This letter by TWC2 immediate past president John Gee was published in the Straits Times on 14 July 2014:


Get to the bottom of unfair maid placement fees

The imposition of considerable placement costs on domestic workers by many employment agencies has, regrettably, been a common practice since 1998 (“Any breach of maids’ fee guidelines?” by Mr Bennie Cheok; last Wednesday).

Before then, agents usually expected employers to pay the cost of hiring a domestic worker. One result of this was that costs were kept low.

However, following the Asian financial crisis, agencies began to publicise the “$1 maid” and the “$88 maid”.

This meant transferring the cost of placement, including agency fees, from prospective employers to the workers themselves.

Since the workers cannot afford to pay up in advance, these employers fork out the placement costs initially and then recoup these from monthly salary deductions.

This has resulted in maid agencies in the countries of origin and here putting up charges far beyond their 1998 levels, since they face reduced employer resistance to higher prices, as it is the workers who are ultimately affected.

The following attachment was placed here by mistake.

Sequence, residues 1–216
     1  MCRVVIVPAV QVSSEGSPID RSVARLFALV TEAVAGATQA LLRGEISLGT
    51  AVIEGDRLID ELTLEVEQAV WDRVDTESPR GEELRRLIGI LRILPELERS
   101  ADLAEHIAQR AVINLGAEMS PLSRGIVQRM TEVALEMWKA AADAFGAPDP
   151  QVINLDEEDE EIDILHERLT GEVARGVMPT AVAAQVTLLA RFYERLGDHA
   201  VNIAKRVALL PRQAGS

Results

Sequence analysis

In turn, the anxiety of many Singapore agencies over their ability to recover costs and fees from employers has turned many of them into firm advocates of giving no days off to domestic workers, at least during the first six to eight months of employment, in case the workers try to leave their employers and the employers cancel outstanding payments to the agencies.

Singapore caps the fee that agencies here can charge to one month’s salary for each year of employment up to a maximum of two years, but the Ministry of Manpower says that it cannot control the fees and costs passed on from agencies in the workers’ home countries.

In the case of the Philippines, the government bans agencies from charging any fees to domestic workers for their placement, so shouldn’t they face a maximum of only two months’ salary deductions here?

Instead, many maids continue to face six months and more of salary deductions, and the situation is worse for workers from Indonesia and Myanmar.

It is time for increased cooperation between these countries and Singapore to get to the bottom of the matter. They need to find out who is charging how much as fees and for placement services in each country, and to act decisively to reduce exorbitant charges – to which employers justifiably object and which are unfair to impose on maids.

John Gee